Here are several things you should know about deducting expenses related to your job search.

1. To get the deduction, the expenses should be used to seek employment in the current occupation. You can not deduct the expenses incurred in seeking employment in another job.

2. You can deduct employment and outplacement agency fees you pay on their own in search of jobs, the current occupation. If your employer pays you the latest in payment of employment, you must include the amount you will get your gross income, up to the tax benefit received in the past.

Third you can deduct amounts you use to prepare and send copies of your resume to potential employers, as long as you are looking for a new job in your present job.

4th If you are traveling in an area to search for a new job in your present occupation, you may be able to deduct travel expenses to and from the area. You can only deduct travel expenses if the trip is primarily to seek new employment. The time you spend on personal activity compared to the time you spend looking for work is important to know if the trip is primarily personal or is primarily to seek new employment. Using your car for travel in 2011 is deductible at 51 cents per mile job search during the first six months of the year and 55.5 cents per mile for the last six months of the year. Prices for other forms of transport are also deductible. Accommodation and 50% of your meal cost account also when traveling away from home in the evening.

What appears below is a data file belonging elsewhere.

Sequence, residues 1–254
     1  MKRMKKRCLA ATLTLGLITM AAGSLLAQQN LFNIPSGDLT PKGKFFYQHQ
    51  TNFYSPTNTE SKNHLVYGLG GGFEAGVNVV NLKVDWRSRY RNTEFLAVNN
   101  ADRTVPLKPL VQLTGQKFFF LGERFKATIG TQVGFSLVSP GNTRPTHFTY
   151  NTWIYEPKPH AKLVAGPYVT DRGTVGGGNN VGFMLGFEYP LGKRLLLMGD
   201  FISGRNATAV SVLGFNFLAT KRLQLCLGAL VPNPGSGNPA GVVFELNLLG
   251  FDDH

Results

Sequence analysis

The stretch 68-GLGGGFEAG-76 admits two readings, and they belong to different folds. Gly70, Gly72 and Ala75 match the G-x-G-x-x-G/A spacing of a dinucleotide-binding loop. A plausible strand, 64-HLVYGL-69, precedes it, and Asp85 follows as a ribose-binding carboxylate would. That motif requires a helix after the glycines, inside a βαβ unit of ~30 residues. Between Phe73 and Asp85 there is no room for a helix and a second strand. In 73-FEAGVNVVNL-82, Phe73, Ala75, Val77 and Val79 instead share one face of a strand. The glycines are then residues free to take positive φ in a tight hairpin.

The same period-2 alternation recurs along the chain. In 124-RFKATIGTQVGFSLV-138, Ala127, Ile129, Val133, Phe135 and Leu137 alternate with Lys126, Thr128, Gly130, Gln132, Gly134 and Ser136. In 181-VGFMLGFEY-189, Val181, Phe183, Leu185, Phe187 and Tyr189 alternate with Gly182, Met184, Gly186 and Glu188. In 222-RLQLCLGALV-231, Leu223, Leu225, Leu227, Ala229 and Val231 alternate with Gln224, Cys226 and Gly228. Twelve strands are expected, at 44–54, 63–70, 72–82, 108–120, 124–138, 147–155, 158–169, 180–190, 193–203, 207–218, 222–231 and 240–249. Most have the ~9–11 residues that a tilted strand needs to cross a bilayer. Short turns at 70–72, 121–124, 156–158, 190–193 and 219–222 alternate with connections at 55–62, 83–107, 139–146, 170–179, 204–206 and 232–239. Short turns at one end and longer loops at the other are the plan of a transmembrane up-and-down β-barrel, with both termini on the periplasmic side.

5. You can not deduct job search expenses, if there was a significant break of the end of the last job and when to start looking for something new.

6. You can not deduct job search expenses if you are looking for work for the first time.

7. Job search expenses are included with detailed various other deductions, which are reduced by 2% of gross income, and therefore may be limited. If you use the standard deduction instead of explaining the cuts, you can reduce some job search expenses.


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